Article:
Canon 7D MKII 200-400mm ISO 100 400mm 0ev f/22 1/160 sec waste 10:30am approached and we loaded into the car, to congregate at 11am to enter the airbase. We boarded the buses and showed our credentials. Looking at my name on the list, that’s when it sunk in! A boy from Southampton, England, who started photographing aircraft at 8 years of age, with his mum’s instamatic camera, was entering a U.S. navy airbase! Long gone were the days of looking at unrecognizable dots on a paper photograph, I was actually going to be 50ft away from these beasts! The Navy’s hospitality was second to none, as they took us into a safety briefing, and fed us well. Next it was off to watch the Blue Angels demo team, who had even provided their team commentator for the 50 privilege photographers. As the team taxied by us, we were allowed out on the taxi way to shoot their departures. The excitement of the pilots was apparent as they fist pumped the air and waved. I was completely surprised how quickly the 6 hornets zoomed by me, even though their wheels had not left the ground yet! The Blues took off and performed our “private” display at close quarters, giving us endless photo opportunities. We then moved on to the active runway, which was what I was most anticipating, and I was not disappointed. Never have I been close enough to a F-18 Growler, where not only did I hear the power, but felt the power as it clawed
it’s way into the air, a few feet away from me, in full afterburner. We were treated all afternoon to F-18’s, T-45’s, a pair of C-2 Greyhounds and a lone 737, doing circuits, and leaving for missions right before our eyes. As the initial awe of my surroundings started to wear off ever so slightly, I started to feel more comfortable about my purpose of being there, which was taking photographs. I began using different body and lens combinations, but the dust and wind was an issue, so lens changing was kept to a minimum. As the sun set, on a day the light was ideal, the 3 horns signal ended our unforgettable day too soon, and it was time to board the buses for home. My day was memorable in part, due to the effort of Larry’s organization of the event, the other ISAP members that made me feel very welcome as a new member and of course the U.S Navy for their hospitality. As I drove into the desert night, I looked over my shoulder at the runway lights, hoping to be stood there again on another occasion.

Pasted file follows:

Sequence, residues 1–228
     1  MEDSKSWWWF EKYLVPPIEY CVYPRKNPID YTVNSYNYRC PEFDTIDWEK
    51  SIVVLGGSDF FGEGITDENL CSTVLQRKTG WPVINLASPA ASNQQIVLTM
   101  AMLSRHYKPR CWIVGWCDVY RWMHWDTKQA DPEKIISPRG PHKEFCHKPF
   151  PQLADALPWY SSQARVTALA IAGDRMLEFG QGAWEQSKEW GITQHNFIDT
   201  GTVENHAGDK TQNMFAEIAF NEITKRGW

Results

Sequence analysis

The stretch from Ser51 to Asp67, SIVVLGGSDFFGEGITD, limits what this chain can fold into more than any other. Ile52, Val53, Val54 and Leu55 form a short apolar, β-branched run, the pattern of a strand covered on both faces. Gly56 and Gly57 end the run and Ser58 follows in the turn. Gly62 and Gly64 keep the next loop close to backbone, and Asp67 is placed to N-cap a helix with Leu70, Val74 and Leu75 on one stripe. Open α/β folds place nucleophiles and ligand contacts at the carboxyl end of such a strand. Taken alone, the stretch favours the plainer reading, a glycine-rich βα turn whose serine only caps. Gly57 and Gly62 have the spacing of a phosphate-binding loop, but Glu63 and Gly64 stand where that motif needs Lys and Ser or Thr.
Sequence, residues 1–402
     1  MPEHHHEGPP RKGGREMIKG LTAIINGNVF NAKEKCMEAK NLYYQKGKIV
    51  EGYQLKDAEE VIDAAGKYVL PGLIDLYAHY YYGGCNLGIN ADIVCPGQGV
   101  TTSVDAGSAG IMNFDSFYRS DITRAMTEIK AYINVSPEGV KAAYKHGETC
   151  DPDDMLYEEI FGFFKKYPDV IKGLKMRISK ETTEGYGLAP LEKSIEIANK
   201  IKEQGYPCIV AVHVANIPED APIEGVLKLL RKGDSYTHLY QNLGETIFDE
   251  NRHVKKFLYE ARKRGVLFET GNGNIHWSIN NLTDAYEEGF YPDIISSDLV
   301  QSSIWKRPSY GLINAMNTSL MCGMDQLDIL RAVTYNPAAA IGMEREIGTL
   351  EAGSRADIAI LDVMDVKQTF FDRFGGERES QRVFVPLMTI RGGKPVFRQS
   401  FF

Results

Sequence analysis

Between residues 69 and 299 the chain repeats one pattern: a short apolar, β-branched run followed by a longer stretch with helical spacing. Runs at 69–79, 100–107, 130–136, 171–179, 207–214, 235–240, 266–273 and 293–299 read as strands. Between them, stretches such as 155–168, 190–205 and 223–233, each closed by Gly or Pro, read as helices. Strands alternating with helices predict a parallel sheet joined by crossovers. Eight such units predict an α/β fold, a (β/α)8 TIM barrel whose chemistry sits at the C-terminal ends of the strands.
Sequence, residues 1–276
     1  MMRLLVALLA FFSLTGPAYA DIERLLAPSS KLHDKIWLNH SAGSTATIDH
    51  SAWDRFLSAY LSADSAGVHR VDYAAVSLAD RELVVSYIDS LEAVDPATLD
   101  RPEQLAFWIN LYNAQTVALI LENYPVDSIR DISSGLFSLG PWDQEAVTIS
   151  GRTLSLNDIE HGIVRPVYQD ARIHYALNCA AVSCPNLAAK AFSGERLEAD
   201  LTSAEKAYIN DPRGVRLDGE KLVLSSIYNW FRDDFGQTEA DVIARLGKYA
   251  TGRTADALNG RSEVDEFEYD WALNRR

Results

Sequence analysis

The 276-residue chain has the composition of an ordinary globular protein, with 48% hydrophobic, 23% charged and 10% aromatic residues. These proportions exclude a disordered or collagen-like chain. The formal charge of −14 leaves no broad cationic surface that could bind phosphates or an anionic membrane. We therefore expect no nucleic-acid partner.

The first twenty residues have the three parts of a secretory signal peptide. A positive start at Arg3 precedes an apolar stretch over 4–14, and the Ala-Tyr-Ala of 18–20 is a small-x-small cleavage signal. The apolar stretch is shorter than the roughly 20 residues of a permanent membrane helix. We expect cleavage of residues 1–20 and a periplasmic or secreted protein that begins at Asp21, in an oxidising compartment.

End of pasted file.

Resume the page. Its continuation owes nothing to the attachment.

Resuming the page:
Gary Stray Gary Stray
Canon EOS-1Dx Canon EF 200-400mm +1.4 ISO 200 560mm 0.67ev f/5.6 1/800 sec
Canon EOS-1DX 70-200mm ISO 200 70mm 0.67ev f/11 1/160 sec
Gary Stray GaryStray Stray Gary
Canon EOS-1Dx Canon 70-200mm f/2.8L IS II USM ISO 200 160mm 0.67 ev f/11 1/160 sec
Canon EOS-1Dx Canon 70-200mm f/2.8L IS II USM ISO 200 102 mm 0.67 ev f/8 1/640 sec
Canon EOS-1Dx Canon EF 200-400mm +1.4 ISO 200 560 mm 0.67 ev f/6.3 1/800 sec
Gary Stray Canon 1DX 200-400mm ISO 400 280mm -0.33 f/22 1/200 sec
Canon 7D MKII 200-400mm ISO 100 400mm 0ev f/7.1 1/160 sec
Gary Stray Canon 7DMKII 200-400mm ISO 100 400mm 0ev f/4 1/1000 sec